The Upside of Unrequited Review // A Cute But Unmemorable Contemporary

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Title // The Upside of Unrequited

Author // Becky Albertalli

Publisher // Balzer + Bray

Publication Date // April 11th, 2017

Synopsis // Seventeen-year-old Molly Peskin-Suso knows all about unrequited love—she’s lived through it twenty-six times. She crushes hard and crushes often, but always in secret. Because no matter how many times her twin sister, Cassie, tells her to woman up, Molly can’t stomach the idea of rejection. So she’s careful. Fat girls always have to be careful.

Then a cute new girl enters Cassie’s orbit, and for the first time ever, Molly’s cynical twin is a lovesick mess. Meanwhile, Molly’s totally not dying of loneliness—except for the part where she is. Luckily, Cassie’s new girlfriend comes with a cute hipster-boy sidekick. Will is funny and flirtatious and just might be perfect crush material. Maybe more than crush material. And if Molly can win him over, she’ll get her first kiss and she’ll get her twin back.

There’s only one problem: Molly’s coworker Reid. He’s an awkward Tolkien superfan with a season pass to the Ren Faire, and there’s absolutely no way Molly could fall for him. Right?

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My Rating: ★★★☆ (3.5)

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So after LOVING Simon and HATING Leah, I wasn’t quite sure what I expect going into this book. I landed in the middle; neither impressed nor disappointed, but at a rather average three star book, enjoyable and annoying. The best part of this book was my baby Simon showing up for a one paragraph cameo to declare that Abby is a Gryffindor–but that’s beside the point.

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One thing that Albertalli undeniably excels at is diversity, and this book is no exception! There’s lots of lgbtq+ rep in this book, as Molly has two moms (and a large plot point in the book is their upcoming wedding after the landmark supreme court case that legalized gay marriage!) and her twin sister has a girlfriend. There’s also great fat rep, as Molly often thinks of herself as not pretty due to being plus sized, but eventually comes to realize she’s beautiful as she is despite what judgmental people may say! Molly also has anxiety and is Jewish! And of course there’s great POC diversity; one of her moms and her brother (and Abby!) are black and her sister’s girlfriend is Korean!

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Aside from the diversity, I felt pretty meh about Molly. There were some things she did that definitely annoyed me, such as being rather mean to her sister at times, intentionally using a guy to make another guy jealous, turning on a friend because of a boy, and just all around complaining about feeling left out, feeling like the last virgin, wanting a boyfriend, and other things she spends the whole book angsting about.

On the other hand, Molly could be really relatable and there were some things I loved about her! I loved how despite some issues, she really cared about her sister and her family. She was so protective and loyal to the people she loved. I loved how crafty she was–something I can relate to as a crafty person myself. And as much as her complaining annoyed me at times, most of the time I really related to feeling like a late bloomer because of not having a high school boyfriend or not being kissed; I definitely related to her insecurities and struggles that come with being a high schooler growing up.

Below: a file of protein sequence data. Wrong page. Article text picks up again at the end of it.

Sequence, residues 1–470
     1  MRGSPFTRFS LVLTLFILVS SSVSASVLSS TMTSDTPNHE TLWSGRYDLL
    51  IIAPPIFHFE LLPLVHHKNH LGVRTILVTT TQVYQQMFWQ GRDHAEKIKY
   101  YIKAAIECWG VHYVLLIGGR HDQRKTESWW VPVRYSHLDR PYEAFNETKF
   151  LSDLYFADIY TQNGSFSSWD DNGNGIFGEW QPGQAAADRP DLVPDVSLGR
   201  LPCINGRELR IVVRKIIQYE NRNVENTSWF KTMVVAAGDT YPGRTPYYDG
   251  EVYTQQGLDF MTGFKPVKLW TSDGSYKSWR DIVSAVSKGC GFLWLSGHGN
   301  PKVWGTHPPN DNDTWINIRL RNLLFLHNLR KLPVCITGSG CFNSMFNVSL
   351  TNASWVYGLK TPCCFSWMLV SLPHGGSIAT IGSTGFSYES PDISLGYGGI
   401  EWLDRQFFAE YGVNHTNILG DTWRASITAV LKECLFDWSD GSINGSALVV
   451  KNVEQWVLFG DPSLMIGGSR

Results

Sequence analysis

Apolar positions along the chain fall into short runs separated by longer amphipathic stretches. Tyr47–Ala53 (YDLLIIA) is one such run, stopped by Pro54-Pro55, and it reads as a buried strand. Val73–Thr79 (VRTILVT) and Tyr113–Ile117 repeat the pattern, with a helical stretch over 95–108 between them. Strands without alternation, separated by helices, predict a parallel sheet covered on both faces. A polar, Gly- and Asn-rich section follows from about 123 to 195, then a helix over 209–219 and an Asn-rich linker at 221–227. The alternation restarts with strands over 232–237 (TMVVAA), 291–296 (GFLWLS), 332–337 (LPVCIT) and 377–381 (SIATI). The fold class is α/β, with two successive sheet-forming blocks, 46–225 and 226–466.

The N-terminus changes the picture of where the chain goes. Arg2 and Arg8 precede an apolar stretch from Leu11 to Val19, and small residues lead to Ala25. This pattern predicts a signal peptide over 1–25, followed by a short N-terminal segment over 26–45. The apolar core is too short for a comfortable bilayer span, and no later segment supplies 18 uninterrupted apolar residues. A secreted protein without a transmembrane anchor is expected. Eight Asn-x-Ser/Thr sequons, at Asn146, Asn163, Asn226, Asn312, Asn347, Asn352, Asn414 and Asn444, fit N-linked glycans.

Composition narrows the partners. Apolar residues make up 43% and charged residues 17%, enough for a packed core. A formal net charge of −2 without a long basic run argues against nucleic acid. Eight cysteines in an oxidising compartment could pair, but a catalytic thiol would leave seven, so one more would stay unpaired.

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There were some themes about growing up that I really loved in this book. Molly starts to grow apart from her twin sister and talks about how as they get boy/girlfriends, they may not be the most important people in each others lives, and how change in inevitable but scary. Molly is going into her senior year of high school, which I just finished, and this book is really the perfect book to read as a senior because it was so darn relatable with regards to the fear and sadness with change and the unknown.

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I felt unfortunately meh about the romance. I just didn’t really feel any sparks or chemistry! Particularly since for a large part of the book, there’s almost a fake but not really love triangle; Molly obviously likes one guy, but she and her friends are insisting she likes another guy and she keeps hanging out with him and it was pretty unnecessary and too much drama. Her romance was cute, but not swoon worthy or anything and although I just read this book today I can’t really recall any particular swoony moments that stood out to me.

I enjoyed her friendships as well, but I also kind of felt like there may have been too many characters to the point that I didn’t really get that attached to them? For the main teen characters, not to mention Molly’s family, there’s Molly and her twin sister Cassie, and her two guys Will and Reid, as well as this other guy they’re friends with named I think Max, and also the best friend Olivia and also the cousin Abby (<3) and also the girlfriend Mina and I don’t think I’m forgetting anyone? They often hung out as a group, and while it was kind of fun to see the group hanging out, mostly I didn’t get attached to any side characters or friends because I was always juggling them all.

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The plot was kind of meh, but pretty cute. It was another summer contemporary which I didn’t realize going into it, but there were some fun scenes such as the Fourth of July, but also not really? Aside from a few mentions I didn’t really get any summery vibes from it, but whatever. Anyways, overall this was an enjoyable book, not outstanding like Simon or anything, but a worthwhile read.

 

 

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